The skateboard joins the canon of everyday objects that have gained art- object cachet - a process begun by Marcel Duchamp exhibiting a urinal in 1917. But this is not a return to the old "ready-made" project in which everything can be art provided it's on show: embedded in Felix's skateboard was a compelling paradox. "Camouflage was devised to be invisible in foliage," says Wentworth. "But now, reduced to ornament, it is meant to be seen against a concrete background." This innocuous youth-cultural emblem passed on a visual secret about the "way we relate to nature".
Such riddles of everyday things are gifts to Wentworth, best known as one of a generation of sculptors, based around London's Lisson Gallery, who came to prominence in the early Eighties. Thinking Aloud is an accumulation of objects: some made by artists, others unearthed from various obscure sources.
There is a Durex mould made of glass; preliminary sketches for Joseph Paxton's Crystal Palace; a blotting-paper doodle by Lloyd George; a body bag; patents for Nike shoes; early Tube maps; and a model by the architect Frank Gehry. Then there is a graphic illustration of the various Shipping Forecast zones, familiar from BBC radio. "It's a standing joke in the country, but it's something we've never seen," says Wentworth.
In the second and third legs of the show - at Manchester's Cornerhouse and London's Camden Arts Centre - there is to be an Independent front page, without words or pictures. Artworks have been contributed by Rachel Whiteread, Patrick Caulfield and Tim Head among others, but all exhibits are treated even handedly.
This approach is eclectic, fun, a spur to the imagination, but the bagginess of the show's theme may irritate. Wentworth hopes people will get a version of the "Eureka" syndrome - "That idea of seeing greater meaning in the bathtub," he says.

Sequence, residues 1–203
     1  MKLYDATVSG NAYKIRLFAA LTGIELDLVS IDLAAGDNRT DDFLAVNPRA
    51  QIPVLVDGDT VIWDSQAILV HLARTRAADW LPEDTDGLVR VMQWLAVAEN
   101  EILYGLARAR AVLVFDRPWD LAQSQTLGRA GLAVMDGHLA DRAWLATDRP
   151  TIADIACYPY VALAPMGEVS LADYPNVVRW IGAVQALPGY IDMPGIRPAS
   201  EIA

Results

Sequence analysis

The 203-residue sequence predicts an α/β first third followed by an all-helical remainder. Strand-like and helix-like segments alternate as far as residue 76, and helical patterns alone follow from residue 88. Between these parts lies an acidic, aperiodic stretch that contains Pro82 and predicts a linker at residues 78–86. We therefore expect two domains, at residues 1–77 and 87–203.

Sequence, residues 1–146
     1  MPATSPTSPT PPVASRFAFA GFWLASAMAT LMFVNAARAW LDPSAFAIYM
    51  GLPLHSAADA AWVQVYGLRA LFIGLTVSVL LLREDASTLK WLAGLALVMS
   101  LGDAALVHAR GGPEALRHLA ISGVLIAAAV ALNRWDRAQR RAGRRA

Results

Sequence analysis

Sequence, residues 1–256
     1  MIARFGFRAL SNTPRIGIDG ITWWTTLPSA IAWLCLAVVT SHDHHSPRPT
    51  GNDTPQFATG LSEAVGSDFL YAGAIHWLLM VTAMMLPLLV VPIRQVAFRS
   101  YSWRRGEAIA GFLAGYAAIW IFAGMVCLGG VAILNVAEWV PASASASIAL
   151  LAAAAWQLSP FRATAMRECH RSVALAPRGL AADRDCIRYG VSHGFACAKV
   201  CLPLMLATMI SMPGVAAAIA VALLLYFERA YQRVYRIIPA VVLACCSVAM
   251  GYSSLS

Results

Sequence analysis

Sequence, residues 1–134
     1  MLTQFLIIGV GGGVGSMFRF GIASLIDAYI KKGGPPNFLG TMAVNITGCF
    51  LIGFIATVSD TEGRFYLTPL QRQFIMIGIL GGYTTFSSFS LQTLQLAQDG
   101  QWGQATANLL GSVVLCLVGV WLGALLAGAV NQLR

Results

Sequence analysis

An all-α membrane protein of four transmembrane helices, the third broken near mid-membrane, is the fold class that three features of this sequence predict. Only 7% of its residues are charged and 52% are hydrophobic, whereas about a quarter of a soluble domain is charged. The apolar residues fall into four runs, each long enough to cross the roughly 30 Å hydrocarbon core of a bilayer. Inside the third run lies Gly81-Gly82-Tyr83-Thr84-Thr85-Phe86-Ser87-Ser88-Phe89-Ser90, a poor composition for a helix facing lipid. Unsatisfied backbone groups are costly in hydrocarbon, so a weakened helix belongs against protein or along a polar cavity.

Given that Wentworth possesses an air of professorial butterfly-mindedness, it is tempting to see this as a modern version of the exhibitions of the great boffin collectors of the 18th and 19th centuries: the Levers, Pitt Riverses and Soaneses, who sought out wonders and curiosities.
But a poke around reveals a theme-in-progress that is less about mere display, more an examination of the nature of creativity. It was to have been called First Thoughts, and several of the exhibits are of sketches and models - Wentworth calls them "conceptualisations", with a wince - leading towards the conclusions that life is an unresolved process; and human resourcefulness and political resonances are found everywhere. Prosthetic hands show how artificial limb technology has developed and how Army officers got fingers and thumbs, while labourers made do with a hook.
The lender, Charing Cross Hospital, feared they were to be shown for "ghoulish" effect, but Wentworth says he was completely against surrealist nightmare imagery. "It's to put back into the mind what incredible things hands are." He's emphatic the show is not an old curiosity shop, soggy with sentimental values.
There is an eccentric zeal to Thinking Aloud. "I did think: `Oh my God, it's a boy's show'," says Wentworth, holding wooden sticks of mock dynamite found by the artist Cornelia Parker. "But I realised that there were lots of women artists in the show. In fact, Cornelia's the only one who has actually blown anything up." (Parker exploded a shed, as seen in last year's Turner Prize exhibition.) Visitors can make their own, more gentle mark, such as words on a Scrabble board. This is the show's elusive but illuminating spirit: to show the human need to make order out of chaos and, as Wentworth says, "to come back to the idea that everyone is an artist".
`Thinking Aloud', Kettle's Yard, Cambridge (01233 352124, to 3 Jan); Cornerhouse, Manchester (from 9 Jan), and Camden Arts Centre, London (9 Apr). A national touring exhibition from the Hayward Gallery